Myth 1 shows the status of ‘marriage’ flows through the laws of these jurisdictions and across subject areas. Legislatures have a much easier job designating LGBTI marriage-like relationships as ‘marriages’ to trigger the bundle of automatic rights and responsibilities that come with the operative status of ‘being married’ (see, further, goo.gl/hfDfpg).
But an even bigger problem with designating LGBTI marriage-like relationships as ‘civil unions’ exists. Designating ‘civil unions’ for LGBTI people and ‘marriage’ for non-LGBTI people creates two tiers of relationships – one for heterosexual couples and one for LGBTI couples. While ever two tiers exist, for no rational reason, LGBTI couples will face unequal treatment under the law.
If, on the other hand, Parliament designates all marriage-like relationships (heterosexual and LGBTI relationships) as ‘civil unions’, then no such question of inequality would arise. Another option exists: abolish marriage altogether, so that everyone receives equal treatment, with couples making their own private legal affairs between themselves.
However, abolishing marriage represents a radical step that will not likely gain widespread support. It’s quicker, simpler, and fairer to extend the federal law of marriage to two adults regardless of gender.
If applying the word ‘marriage’ to same-sex couples offends you, then remember that the word ‘marriage’ has changed meaning throughout time (as have lots of other words). As mentioned above, even popular dictionaries now define marriage as involving a committed, exclusive, loving relationship between two people in love.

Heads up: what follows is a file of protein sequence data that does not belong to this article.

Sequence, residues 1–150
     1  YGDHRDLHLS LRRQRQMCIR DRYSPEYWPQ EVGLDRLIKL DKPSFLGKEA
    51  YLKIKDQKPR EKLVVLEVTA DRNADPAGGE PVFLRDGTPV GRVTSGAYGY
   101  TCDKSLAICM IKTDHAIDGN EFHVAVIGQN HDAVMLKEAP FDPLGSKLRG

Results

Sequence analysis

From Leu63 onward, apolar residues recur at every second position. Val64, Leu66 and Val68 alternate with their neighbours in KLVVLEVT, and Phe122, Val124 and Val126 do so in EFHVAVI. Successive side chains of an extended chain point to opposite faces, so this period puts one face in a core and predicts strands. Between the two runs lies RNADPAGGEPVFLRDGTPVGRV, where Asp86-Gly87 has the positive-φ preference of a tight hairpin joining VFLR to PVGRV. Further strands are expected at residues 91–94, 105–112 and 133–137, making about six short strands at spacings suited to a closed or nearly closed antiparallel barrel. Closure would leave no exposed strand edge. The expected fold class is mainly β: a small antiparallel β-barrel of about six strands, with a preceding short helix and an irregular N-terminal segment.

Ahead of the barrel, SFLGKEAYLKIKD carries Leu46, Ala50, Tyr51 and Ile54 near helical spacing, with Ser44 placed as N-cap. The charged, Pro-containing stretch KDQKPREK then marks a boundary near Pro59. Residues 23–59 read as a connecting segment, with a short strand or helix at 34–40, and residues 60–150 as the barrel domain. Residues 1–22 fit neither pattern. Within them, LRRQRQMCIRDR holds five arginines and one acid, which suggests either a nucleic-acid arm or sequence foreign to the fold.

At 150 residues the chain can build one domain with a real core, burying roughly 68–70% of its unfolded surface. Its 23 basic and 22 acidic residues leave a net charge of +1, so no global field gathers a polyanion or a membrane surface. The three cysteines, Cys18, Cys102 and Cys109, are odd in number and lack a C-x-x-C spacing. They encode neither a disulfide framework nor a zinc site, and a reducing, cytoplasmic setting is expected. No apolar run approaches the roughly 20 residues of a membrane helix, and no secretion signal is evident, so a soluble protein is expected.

Myth 9. ‘If LGBTI people can marry, people will no longer assume I’m married to someone of the opposite sex.’
Myth 9 reflects the only ‘true myth’, to use an oxymoron. Heterosexual spouses may, if they want to, clarify that they have married ‘my wife’ or ‘my husband’, as the circumstances warrant. But is that too great a burden?
The Internet and parts of the mainstream media, in newspapers and on television, have littered the marriage equality debate in Australia with myths. It seems that sensational claims, like bad news, spread fast – much faster than calm facts. We can only hope the media, and the Australian people, start paying greater attention to the facts the closer we get to the Australian Marriage Law Postal Survey.
This post originally appeared on Facebook notes and was republished here with full permission.